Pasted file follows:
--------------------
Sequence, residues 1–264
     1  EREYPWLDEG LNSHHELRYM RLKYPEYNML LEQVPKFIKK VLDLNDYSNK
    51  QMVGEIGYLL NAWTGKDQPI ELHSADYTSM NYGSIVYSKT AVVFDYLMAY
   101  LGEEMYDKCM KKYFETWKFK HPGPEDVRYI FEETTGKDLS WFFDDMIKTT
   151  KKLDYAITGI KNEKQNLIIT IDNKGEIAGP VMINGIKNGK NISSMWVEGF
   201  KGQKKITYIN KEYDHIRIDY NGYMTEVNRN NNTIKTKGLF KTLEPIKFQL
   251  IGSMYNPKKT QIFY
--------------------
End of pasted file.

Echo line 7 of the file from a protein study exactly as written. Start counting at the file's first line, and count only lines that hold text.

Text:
   251  IGSMYNPKKT QIFY